Key Club: the Talent Show and more

A student plays a guzheng, a Chinese stringed musical instrument, at the 2019 Pullman Key Club talent show on December 14. Source:—Community-Talent-Show

On Friday, January 24, Key Club is putting on their second annual community talent show at 7 PM at Lincoln Middle School. Per the club’s press issue on the event, last year’s show featured acts such as singing and comedy from performers from a wide range of ages. Admission is $5 for adults and $3 for students and children. Proceeds from admission go to Key Club to help enable new community service projects, while proceeds from a Miracle Minute during the show’s intermission go to the Thirst Project, a nonprofit organization that works to provide clean, safe drinking water in Swaziland.

This school year, Key Club has been navigating an advisor transition. Per the PHS Associated Student Body constitution, each recognized club at PHS must have an advisor whose presence is required for club meetings. According to Key Club President Meghna Dutta, in the 2018-2019 school year, Key Club had an out-of-district advisor. This challenged the club to, among other things, coordinate meetings with their advisor. The advisor resigned at the end of that school year, and Key Club scrambled to find someone to replace them. “Obviously, we didn’t want our club to be shut down,” said Meghna. “We wanted to look for a new advisor, but then…we were told…that someone had applied for the position, but no one told us who it was.” Until they were approved, that would remain confidential information, explained Meghna.

Things looked dire, but Mrs. Schertenleib was approved as an in-district advisor for this school year. Between having Schertenleib as a liaison with the school’s administration and access to her classroom space for meetings, Meghna says that “having an in-district advisor has been going a lot more smoothly.”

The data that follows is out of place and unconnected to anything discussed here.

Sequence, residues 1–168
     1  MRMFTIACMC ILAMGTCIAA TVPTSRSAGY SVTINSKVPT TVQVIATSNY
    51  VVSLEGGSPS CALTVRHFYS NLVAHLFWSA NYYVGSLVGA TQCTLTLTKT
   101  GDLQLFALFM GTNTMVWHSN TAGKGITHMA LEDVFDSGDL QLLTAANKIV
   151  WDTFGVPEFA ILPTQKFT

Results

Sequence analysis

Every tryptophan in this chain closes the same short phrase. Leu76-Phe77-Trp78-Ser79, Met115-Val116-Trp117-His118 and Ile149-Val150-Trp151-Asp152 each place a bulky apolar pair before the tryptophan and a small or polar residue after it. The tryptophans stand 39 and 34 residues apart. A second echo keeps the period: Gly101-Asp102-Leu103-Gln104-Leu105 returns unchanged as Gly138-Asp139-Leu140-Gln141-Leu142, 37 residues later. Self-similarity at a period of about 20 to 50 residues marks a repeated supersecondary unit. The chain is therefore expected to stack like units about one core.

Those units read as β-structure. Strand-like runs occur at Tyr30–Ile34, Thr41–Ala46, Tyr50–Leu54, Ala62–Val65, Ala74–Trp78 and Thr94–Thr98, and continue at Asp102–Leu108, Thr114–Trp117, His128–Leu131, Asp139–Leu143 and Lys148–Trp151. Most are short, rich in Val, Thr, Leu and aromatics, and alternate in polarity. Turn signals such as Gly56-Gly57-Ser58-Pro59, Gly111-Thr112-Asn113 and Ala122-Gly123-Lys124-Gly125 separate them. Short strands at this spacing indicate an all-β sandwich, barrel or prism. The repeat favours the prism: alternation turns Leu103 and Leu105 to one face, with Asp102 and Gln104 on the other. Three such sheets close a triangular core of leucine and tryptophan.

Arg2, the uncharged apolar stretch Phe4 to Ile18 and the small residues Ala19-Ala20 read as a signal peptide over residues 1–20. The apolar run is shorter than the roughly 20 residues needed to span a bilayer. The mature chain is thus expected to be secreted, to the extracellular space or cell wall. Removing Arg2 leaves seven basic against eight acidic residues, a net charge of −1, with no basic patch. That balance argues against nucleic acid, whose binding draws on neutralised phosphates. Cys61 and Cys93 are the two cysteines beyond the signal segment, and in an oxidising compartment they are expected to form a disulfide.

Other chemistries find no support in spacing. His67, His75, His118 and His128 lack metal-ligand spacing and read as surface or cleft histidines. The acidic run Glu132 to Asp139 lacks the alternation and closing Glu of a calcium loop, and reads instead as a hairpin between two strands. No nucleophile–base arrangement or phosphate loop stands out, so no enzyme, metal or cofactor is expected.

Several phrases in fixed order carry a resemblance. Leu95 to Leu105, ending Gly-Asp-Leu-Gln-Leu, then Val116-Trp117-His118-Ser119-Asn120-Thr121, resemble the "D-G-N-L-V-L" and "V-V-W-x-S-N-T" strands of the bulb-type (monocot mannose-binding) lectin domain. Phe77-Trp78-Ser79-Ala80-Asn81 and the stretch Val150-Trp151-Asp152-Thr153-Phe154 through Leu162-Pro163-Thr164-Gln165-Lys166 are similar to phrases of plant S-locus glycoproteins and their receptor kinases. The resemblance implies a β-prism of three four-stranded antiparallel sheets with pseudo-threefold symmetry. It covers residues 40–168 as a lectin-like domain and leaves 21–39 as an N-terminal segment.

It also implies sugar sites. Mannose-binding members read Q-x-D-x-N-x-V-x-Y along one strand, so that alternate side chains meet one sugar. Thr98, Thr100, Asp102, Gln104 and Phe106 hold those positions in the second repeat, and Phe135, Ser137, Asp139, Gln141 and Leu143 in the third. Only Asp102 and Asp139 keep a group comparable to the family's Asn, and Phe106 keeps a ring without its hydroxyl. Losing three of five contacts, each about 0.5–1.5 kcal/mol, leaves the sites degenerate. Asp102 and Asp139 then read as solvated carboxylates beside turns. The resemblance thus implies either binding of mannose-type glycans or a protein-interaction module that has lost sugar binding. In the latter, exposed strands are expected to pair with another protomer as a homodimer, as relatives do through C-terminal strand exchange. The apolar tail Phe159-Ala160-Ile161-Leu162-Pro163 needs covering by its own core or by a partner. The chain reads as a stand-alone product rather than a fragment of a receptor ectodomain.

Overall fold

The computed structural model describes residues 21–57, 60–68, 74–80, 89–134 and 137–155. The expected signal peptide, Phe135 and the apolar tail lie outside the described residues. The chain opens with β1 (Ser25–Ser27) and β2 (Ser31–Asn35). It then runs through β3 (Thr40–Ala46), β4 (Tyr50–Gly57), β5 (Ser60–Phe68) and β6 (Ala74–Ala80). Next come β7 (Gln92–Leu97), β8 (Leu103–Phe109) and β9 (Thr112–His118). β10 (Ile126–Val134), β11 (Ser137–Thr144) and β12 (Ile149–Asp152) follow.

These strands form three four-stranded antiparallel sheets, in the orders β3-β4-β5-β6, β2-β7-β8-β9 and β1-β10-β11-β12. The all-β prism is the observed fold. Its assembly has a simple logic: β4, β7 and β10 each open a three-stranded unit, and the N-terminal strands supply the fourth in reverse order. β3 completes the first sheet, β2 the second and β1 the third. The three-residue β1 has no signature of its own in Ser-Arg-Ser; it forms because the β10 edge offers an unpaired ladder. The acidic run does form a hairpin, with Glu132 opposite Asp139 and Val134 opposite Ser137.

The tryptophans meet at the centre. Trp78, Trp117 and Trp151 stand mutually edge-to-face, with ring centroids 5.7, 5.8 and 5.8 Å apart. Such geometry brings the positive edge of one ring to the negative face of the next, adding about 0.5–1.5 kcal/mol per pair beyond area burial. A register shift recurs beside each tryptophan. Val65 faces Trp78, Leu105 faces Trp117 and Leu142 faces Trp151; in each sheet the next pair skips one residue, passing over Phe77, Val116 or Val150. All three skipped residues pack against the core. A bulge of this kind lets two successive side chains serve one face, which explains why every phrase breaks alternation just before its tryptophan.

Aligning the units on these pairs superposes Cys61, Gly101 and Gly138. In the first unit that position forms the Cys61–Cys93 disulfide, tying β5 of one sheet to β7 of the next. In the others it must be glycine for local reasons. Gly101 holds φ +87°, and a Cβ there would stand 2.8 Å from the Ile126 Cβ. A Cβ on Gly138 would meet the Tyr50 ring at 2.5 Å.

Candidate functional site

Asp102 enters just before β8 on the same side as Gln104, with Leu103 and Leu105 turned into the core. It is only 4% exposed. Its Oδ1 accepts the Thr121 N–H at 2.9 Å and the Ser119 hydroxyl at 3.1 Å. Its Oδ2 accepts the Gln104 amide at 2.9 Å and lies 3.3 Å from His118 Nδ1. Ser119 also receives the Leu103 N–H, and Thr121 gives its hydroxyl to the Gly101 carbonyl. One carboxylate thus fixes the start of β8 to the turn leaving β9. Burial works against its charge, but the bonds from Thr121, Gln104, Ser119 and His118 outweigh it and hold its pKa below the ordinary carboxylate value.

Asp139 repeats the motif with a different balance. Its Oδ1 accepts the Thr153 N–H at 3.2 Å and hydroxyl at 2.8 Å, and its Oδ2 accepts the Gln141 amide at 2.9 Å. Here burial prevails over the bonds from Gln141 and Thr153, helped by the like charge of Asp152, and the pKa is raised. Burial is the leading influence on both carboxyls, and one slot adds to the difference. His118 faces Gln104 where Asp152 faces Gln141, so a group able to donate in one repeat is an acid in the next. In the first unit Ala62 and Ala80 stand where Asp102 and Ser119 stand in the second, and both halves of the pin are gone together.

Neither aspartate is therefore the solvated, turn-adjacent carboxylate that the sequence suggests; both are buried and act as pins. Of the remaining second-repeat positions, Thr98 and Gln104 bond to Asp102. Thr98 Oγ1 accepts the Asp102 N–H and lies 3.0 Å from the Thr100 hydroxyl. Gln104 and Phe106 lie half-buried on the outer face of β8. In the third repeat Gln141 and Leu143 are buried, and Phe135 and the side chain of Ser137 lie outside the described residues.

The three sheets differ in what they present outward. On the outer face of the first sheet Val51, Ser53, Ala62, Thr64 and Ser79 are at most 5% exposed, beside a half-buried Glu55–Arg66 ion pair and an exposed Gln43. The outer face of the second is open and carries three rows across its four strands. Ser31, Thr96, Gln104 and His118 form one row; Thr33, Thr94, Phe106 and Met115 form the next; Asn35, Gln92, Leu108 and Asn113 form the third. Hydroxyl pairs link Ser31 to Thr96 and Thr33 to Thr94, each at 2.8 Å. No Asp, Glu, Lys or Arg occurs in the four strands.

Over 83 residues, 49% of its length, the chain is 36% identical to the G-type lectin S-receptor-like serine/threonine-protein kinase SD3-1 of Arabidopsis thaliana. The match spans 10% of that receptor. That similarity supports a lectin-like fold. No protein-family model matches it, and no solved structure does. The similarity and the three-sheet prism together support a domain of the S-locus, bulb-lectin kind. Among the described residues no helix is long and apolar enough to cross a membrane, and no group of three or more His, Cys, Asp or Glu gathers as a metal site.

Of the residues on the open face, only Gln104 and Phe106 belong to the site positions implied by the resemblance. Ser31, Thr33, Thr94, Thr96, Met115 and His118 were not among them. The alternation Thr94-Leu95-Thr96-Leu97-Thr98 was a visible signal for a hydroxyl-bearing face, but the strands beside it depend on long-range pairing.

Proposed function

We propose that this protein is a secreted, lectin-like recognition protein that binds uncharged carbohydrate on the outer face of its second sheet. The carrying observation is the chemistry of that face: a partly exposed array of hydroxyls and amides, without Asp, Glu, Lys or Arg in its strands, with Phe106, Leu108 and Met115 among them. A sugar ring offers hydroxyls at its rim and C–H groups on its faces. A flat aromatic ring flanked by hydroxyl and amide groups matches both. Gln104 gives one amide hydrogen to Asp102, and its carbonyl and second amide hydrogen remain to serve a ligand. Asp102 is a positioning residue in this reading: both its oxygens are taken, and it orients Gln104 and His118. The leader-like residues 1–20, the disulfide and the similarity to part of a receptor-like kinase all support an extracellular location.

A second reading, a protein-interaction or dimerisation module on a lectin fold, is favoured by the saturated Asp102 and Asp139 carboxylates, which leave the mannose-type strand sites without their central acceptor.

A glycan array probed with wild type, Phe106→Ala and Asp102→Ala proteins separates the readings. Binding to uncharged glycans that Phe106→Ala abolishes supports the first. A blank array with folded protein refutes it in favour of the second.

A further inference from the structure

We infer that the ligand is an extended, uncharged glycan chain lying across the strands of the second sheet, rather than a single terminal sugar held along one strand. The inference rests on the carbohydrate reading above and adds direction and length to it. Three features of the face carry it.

On the subject of meetings, Key Club’s Activity Lunch meetings consistently have higher attendance than their after-school meetings on Tuesdays. This school year, Activity Lunch saw a fifteen-minute reduction in its duration. This reduction has affected the focus of Key Club meetings.

“Our presentations have…become more informational,” said Meghna. “Instead of talking about a certain cause or a topic…they’re more about, like, ‘Oh, here are the events, here’s the sign up…this is what’s going to happen in the next month.’”

On another note, Meghna commented on the value of service. “You could stand around and…not do anything for four hours, or you could, like, work really hard for two hours and then…actually create an impact,” mused Meghna. “I think a lot of our members who volunteer a lot, they don’t do it…for the hours‒they do it for, like, the intrinsic…satisfaction it brings.”

On a personal level, Meghna identified Key Club’s barbecue in October 2018 as her favorite memory in the club. “It was a very…tame sort of event,” admitted Meghna. She fondly recalled the hands-on experience of preparing burgers and hot dogs and serving them; she felt like she was making an impact. “It was not something I thought I would be able to do, but…we just cooked food and sold them and people were happy.”

Meghna mentioned that it’s important to disallow the details of event planning from clouding the true focus of the club. And as PHS enters its second semester, Meghna aims for Key Club to focus on quality over quantity: “Not more people, but, like, more service…Not more people in general as a quantity, but…more dedication in general.”

The upcoming Key Club talent show, while being a local community-oriented event, also aids an international cause. It raises funds that enable Key Club to continue community service in the future and that directly go to the Thirst Project. This duality is at the heart of Key Club’s values and at the heart of Meghna’s fondness for last year’s barbecue. It’s at the heart of a school club that, according to Meghna, will encourage PHS students to pour out appreciation for each other via Valentine’s Day carnations and, simultaneously, raise more money for the Thirst Project this February.

Key Club is dealing with a possible disconnect between the process of event planning and their reasons for holding them. They are working on infusing “intrinsic satisfaction” into not only carrying out, but organizing their volunteering ventures. But on Friday evening, the Key Club will put on an event true to their duality as a community service group on both a local and international level.